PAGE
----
The International Federation of Journalists (IFJ) and the South Asia Media Solidarity Network (SAMSN) express serious concern over the growing trend of internet shutdowns in South Asia and call on governments to stop internet shutdowns. Internet shutdowns is an act against citizen’s freedom of expression and right to information; it greatly affects press freedom by restricting independent media’s capacity to report and disseminate news.
At the successful conclusion of the #JournosAgainstShutdowns: Campaign Against Internet Shutdowns in South Asia from May 29 to June 16, the IFJ and SAMSN call for greater vigilance in monitoring and documenting internet shutdowns by journalists, media and unions. The campaign was a first step in raising awareness about the impact of internet shutdowns as a freedom of expression and press freedom issue. A guide to monitoring shutdowns was released as part of the campaign.
The IFJ and the SAMSN note that any internet disruption violates the human right to freedom of opinion and expression as explicitly expressed in Article 19 of Universal Declaration of Human Rights (UDHR) and the International Covenant of Civil and Political Rights (ICCPR), which Afghanistan, Bangladesh, India, Pakistan, Nepal and Sri Lanka have ratified. It is also noted that the 2016 Human Rights Council resolution (A/HRC/RES/32/13) condemns measures to intentionally prevent or disrupt access to or dissemination of information online.
In 2016, South Asia recorded the highest number of internet shutdowns globally with India, Pakistan and Bangladesh having implemented shutdowns. India alone witnessed 50 shutdowns since 2016 – with 19 of them being in the first six months of 2017 and five of them during the three-week campaign period. Pakistan and Bangladesh also frequently disrupt internet access. Such shutdowns are ordered without clear legal mandate or are based on outdated laws.
The IFJ said: “Internet disruptions have a devastating effect on journalism as journalists and media are hampered in many ways, most critically in their role in supporting and promoting democracy and freedom of expression. There is an urgent need for journalists, their unions and media rights organizations in the region to join the growing advocacy against internet shutdowns in order to defend the rights of journalists and freedom of expression in South Asia.”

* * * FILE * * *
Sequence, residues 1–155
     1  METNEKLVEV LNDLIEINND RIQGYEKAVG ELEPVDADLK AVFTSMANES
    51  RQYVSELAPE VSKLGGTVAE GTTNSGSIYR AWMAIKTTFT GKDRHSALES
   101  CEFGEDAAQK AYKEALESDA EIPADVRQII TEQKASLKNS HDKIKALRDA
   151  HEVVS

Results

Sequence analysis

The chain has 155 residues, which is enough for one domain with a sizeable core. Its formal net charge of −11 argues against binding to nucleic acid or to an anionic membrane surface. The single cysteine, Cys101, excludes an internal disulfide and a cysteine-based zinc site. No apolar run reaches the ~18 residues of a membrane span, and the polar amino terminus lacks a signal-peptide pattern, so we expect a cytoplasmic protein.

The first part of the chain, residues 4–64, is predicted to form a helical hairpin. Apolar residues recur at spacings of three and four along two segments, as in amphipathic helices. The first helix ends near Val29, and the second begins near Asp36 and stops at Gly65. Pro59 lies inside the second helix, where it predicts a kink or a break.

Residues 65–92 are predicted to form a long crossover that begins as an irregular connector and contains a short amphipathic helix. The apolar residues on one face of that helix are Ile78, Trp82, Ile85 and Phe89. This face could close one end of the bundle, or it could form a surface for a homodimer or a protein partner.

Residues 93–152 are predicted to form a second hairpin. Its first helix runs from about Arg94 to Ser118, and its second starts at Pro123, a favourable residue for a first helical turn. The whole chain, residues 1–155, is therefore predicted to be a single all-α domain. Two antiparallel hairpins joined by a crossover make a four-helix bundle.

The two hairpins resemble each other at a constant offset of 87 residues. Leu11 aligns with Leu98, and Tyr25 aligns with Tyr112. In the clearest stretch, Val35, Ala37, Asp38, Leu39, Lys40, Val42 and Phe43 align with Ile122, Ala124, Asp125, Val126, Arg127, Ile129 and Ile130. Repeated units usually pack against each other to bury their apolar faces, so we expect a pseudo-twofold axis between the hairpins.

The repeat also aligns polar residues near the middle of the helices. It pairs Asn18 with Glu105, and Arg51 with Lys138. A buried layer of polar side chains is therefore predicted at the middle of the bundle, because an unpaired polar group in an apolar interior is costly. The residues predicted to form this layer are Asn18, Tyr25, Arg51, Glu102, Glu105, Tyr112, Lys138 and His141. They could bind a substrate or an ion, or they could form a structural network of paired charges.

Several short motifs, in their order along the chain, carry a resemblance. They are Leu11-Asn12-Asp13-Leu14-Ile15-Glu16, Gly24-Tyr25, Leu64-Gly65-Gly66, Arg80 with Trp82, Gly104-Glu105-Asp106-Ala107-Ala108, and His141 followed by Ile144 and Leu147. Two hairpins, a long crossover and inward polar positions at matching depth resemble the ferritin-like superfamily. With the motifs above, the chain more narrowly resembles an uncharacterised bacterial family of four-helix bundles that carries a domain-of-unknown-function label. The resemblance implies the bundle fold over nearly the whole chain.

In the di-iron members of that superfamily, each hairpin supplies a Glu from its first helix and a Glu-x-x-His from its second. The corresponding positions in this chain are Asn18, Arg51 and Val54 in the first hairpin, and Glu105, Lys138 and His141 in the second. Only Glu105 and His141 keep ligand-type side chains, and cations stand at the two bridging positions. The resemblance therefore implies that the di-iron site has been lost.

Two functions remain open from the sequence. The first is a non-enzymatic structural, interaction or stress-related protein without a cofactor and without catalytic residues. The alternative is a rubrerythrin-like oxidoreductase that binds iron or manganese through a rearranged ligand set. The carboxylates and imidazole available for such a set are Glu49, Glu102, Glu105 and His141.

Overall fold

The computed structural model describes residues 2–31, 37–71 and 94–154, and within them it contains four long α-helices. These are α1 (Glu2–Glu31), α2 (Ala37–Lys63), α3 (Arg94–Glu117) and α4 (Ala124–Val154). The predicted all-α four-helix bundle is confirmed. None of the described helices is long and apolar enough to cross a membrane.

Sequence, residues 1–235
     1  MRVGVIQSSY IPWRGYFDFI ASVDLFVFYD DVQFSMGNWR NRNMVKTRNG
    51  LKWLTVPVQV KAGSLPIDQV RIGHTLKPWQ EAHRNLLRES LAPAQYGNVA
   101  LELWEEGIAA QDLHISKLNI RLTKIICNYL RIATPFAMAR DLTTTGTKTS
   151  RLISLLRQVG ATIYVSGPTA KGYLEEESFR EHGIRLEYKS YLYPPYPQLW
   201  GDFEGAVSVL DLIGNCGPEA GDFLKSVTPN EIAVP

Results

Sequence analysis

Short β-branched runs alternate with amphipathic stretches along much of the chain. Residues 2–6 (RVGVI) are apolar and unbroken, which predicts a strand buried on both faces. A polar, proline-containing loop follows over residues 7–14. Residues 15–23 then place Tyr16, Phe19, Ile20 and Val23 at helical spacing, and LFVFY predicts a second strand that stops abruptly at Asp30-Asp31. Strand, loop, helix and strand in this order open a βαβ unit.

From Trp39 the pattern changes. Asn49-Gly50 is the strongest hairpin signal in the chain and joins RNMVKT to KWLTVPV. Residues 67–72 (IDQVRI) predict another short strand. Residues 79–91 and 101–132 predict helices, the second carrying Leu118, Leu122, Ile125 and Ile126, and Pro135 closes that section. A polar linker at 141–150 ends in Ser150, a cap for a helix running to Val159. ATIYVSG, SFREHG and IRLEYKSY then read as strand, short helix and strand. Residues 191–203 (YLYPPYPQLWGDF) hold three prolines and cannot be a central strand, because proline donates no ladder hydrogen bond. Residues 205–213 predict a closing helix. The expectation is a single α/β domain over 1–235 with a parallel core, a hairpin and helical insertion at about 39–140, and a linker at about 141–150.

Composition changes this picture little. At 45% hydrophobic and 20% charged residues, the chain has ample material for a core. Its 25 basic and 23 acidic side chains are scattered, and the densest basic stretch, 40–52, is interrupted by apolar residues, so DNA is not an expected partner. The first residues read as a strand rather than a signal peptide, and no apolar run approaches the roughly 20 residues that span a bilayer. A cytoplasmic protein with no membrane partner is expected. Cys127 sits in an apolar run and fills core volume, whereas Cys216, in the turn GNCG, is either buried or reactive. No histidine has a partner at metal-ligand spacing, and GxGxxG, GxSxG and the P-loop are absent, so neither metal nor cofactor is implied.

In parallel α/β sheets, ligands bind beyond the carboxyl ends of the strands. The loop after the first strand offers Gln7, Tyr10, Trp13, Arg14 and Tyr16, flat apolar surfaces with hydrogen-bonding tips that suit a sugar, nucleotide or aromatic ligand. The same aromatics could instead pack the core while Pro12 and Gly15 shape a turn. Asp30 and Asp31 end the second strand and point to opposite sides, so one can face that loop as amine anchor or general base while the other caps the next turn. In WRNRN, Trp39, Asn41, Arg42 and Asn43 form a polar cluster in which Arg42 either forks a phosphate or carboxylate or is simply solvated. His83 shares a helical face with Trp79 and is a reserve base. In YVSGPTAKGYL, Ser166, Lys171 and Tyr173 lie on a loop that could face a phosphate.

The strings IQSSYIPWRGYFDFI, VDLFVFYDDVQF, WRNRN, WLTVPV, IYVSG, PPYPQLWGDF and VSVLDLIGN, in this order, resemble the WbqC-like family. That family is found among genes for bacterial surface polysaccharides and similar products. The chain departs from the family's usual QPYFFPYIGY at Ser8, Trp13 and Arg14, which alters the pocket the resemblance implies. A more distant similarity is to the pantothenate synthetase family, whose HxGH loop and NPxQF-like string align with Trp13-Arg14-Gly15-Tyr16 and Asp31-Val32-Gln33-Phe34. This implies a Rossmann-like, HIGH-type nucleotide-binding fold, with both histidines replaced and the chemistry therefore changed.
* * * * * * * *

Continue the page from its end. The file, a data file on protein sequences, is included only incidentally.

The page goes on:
The IFJ and the SAMSN, along with 10 other journalist unions or organizations, joined the #KeepItOn – a global coalition of more than 80 organizations for advocacy against internet shutdowns. They also extended support to works of regional and national organizations in monitoring, documenting and protesting internet shutdowns.
The IFJ and the SAMSN also called upon the state authorities to refrain from any action or order disrupting internet; and journalist unions, rights organizations, civil society, and private companies to remain vigilant about any occurrence or internet shutdowns. Journalists and leaders of unions and media rights organizations of South Asia have called for an end in the internet shutdowns expressing support for the campaign.
S.K. Pande, President, Delhi Union of Journalists, said: “Indian authorities are getting into the habit of shutting down the internet whenever there is any local agitation, small or big. This hampers the work of journalists and is often counterproductive as it allows rumours to spread unchecked. We believe in the free, unfettered flow of information.”
Anita Bindu, the vice-president of Federation of Nepali Journalists said: “Internet shutdowns are attacks on freedom of expression and press freedom and are not desirable in democracies.”
C Dodawatta, convener of the Free Media Movement, Sri Lanka, said: “In this era in which the horizons of expression have been broadened, restrictions of freedom of expression in the Asian region and cutting down the rights should be denounced."
K Kamal, the general secretary of the Bangladesh Manobadhikar Sangbadik Forum, said: “Intenret shutdowns violates freedom of expression and hampers journalists from communicating important stories. We say no to internet shutdowns in South Asia.”
Ahmed Zahir ‘Hiriga’, the former president of the Maldives Journalists Association, said: “Internet shutdown is an attack on media’s daily work routine so journalists must raise their voice and stand against the disruption of internet.”
The IFJ and the SAMSN recommend that:
· Governments must publicly commit themselves to online freedom.. In cases when an internet shutdown is unavoidable, the government should follow legally mandated processes through appropriate authorities and also ensure that the shutdowns are for the shortest possible period.
· Governments must ensure transparency in the functioning of the telecommunication and internet regulatory authority.
· Governments must engage media and journalist unions as stakeholders in discussions and decisions having direct implication on freedom of expression on the internet.
· Journalists, media and journalist unions must monitor and document instances of internet shutdowns; develop alliances with organizations advocating against internet shutdowns; and make free internet an issue of priority.
· Service providers must ensure transparency to inform public when internet shutdowns are carried out and record all instances of shutdowns with related documentation.
More information about the #JournosAgainstShutdowns campaign can be found here.
For further information contact IFJ Asia-Pacific on +61 2 9333 0946
The IFJ represents more than 600,000 journalists in 140 countries
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